A Hub is a place for the community to coordinate your efforts to help each other during and after a disaster.
Hubs provide the community with information which helps everyone make informed decisions about how to help themselves,
so even if you do not have the capacity to help in a practical way, providing information is a valuable service....
In a disaster such as a big earthquake, there is likely to be widespread damage to power lines, water pipes, buildings, roads, and phone networks. Emergency services will be dealing with the most urgent matters, so the people you live nearest to will be your most immediate, and ongoing, source of support.
A Community Emergency Hub is a place where you and your neighbours can go to help each other in a major emergency. There are over 30 hubs across the Hawke’s Bay region. They are located at community facilities and some schools and can be opened by keyholders living in the local area.
In a disaster, official services will be stretched to the point where they must prioritise the most urgent call-outs. We will all have to pitch in and help each other.
When you have checked on your household and neighbours, you and your family can go to your local Community Emergency Hub to:
Ask for and offer help by sharing skills and resources among your community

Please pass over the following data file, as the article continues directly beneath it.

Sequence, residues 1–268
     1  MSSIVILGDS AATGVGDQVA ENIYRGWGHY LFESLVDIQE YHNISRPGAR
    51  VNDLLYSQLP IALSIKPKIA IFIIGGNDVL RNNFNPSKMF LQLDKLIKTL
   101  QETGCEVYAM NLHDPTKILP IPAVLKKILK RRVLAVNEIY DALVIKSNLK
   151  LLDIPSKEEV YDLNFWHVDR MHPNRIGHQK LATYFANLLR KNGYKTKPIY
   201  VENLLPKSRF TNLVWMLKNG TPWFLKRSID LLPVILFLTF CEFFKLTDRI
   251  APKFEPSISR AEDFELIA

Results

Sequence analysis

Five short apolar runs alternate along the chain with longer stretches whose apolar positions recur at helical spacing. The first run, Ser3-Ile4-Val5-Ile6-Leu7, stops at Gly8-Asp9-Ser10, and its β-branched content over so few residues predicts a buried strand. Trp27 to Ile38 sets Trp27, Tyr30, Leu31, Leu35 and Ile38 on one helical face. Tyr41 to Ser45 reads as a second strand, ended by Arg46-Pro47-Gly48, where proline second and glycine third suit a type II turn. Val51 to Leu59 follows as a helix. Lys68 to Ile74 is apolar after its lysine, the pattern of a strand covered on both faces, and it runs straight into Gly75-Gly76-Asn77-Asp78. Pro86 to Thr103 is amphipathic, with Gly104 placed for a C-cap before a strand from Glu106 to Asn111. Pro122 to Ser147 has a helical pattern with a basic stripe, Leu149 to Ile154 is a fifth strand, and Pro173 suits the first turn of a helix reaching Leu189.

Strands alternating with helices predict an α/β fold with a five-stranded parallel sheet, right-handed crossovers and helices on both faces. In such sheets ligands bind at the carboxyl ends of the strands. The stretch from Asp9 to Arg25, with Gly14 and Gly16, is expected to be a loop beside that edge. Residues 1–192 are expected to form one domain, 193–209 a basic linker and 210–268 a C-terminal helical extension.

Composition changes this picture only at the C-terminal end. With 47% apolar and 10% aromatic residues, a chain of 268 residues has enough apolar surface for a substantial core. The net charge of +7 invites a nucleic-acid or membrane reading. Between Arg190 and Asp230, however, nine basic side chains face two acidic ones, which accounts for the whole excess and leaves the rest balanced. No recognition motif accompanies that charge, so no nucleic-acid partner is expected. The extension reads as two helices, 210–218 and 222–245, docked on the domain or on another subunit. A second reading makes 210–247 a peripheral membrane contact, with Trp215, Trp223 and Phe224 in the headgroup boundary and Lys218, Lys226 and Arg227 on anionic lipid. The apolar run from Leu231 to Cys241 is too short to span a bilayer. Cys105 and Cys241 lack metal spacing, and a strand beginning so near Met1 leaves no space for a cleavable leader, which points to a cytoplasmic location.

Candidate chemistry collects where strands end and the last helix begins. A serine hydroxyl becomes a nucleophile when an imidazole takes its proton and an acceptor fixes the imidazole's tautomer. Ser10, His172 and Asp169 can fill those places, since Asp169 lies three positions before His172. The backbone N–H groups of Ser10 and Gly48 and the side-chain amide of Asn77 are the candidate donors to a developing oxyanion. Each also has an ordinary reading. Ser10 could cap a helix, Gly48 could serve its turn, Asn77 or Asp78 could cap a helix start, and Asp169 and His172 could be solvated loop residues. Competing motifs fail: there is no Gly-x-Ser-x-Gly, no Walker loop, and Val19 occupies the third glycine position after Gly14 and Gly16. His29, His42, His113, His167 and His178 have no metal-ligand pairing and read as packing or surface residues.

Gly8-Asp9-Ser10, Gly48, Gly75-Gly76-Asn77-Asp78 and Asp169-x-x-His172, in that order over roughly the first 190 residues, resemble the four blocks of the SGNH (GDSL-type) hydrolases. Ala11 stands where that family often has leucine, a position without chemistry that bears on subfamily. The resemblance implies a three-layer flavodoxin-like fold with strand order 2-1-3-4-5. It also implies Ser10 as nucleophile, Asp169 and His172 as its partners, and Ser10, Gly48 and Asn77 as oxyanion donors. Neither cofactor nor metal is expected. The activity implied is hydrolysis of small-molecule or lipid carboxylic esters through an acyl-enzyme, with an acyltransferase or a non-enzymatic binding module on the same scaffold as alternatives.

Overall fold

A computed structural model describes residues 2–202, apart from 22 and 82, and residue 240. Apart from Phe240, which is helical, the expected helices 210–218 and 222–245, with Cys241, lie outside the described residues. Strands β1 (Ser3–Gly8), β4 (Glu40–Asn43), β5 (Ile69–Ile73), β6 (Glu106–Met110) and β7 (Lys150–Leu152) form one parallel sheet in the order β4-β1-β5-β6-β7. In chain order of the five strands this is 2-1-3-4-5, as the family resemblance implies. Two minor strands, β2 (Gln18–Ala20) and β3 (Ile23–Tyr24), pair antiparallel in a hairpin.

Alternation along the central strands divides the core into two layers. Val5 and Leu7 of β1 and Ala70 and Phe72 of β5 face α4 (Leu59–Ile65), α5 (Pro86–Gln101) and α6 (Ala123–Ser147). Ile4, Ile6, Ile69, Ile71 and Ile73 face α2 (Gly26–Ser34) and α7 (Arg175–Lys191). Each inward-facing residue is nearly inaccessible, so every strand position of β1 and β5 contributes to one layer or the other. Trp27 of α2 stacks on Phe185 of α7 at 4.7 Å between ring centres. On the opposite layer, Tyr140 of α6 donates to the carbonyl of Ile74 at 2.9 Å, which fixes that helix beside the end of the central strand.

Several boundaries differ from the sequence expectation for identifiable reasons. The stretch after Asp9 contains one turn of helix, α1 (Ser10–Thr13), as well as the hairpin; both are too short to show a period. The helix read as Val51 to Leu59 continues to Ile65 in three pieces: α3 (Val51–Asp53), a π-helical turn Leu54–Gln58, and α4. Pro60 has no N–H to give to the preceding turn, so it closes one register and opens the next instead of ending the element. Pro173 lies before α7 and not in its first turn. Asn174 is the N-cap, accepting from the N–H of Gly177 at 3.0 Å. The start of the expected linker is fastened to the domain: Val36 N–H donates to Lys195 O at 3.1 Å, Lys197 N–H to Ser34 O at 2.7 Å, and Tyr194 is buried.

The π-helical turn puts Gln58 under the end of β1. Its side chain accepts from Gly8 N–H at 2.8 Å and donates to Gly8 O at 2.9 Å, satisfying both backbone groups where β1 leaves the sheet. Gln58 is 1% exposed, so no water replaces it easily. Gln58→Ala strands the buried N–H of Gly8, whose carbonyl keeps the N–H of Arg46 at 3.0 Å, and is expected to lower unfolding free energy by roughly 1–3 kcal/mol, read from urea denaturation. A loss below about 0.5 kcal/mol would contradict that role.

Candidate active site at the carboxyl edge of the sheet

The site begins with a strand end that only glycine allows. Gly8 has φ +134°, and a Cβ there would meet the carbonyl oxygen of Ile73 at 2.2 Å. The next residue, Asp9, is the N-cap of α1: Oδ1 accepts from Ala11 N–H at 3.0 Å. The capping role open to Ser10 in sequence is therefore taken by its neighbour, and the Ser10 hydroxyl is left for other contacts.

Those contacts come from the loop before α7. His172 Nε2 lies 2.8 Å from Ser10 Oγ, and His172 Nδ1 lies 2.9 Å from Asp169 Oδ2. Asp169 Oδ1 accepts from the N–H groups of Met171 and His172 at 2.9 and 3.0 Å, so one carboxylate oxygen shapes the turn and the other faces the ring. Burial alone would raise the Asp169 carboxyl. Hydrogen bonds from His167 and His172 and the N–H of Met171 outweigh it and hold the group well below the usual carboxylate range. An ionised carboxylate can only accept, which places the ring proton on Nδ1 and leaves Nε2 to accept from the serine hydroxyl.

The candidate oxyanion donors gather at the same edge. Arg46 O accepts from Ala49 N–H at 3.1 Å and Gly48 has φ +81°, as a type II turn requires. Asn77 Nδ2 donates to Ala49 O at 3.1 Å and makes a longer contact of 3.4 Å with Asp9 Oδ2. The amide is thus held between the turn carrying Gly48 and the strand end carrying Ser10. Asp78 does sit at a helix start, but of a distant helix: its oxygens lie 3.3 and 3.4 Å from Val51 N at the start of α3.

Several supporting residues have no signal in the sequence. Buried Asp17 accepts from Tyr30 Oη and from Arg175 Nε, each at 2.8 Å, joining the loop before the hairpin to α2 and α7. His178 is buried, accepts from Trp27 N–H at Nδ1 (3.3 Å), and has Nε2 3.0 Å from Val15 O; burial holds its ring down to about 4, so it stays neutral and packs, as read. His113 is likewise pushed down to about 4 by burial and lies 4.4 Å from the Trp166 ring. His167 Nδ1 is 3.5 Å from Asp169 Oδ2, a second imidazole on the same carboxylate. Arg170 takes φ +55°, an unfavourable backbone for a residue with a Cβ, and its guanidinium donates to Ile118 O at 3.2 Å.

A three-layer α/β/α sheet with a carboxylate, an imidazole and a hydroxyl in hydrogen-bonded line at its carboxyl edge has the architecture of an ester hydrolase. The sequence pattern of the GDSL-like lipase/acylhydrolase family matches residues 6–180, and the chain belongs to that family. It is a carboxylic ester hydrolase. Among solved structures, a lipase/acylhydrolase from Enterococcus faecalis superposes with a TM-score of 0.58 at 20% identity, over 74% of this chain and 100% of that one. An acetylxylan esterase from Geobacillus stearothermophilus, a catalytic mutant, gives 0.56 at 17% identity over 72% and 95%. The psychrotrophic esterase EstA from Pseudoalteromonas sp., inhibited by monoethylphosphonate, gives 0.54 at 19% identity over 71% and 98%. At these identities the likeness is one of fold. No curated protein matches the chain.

Share and find information about what's happening in your suburb
Start organising the clean-up of your community
Be in the company of others facing a similar situation
The Hub is run by people like you in your local community without official assistance. Each Hub has a guide for how to coordinate the sharing of information, skills and resources that exist in your community.
There is a small amount of equipment, including a VHF radio in case the phone and internet networks aren't working. The radio will allow communities to communicate with the Emergency Operations Centre (EOC) run by your local council.
There are no supplies, food, water or blankets stored at Hubs. Our communities are full of beds with blankets on them and pantries with food in them to get through the first week after an emergency. Your community can gather the things it needs at the time by working together.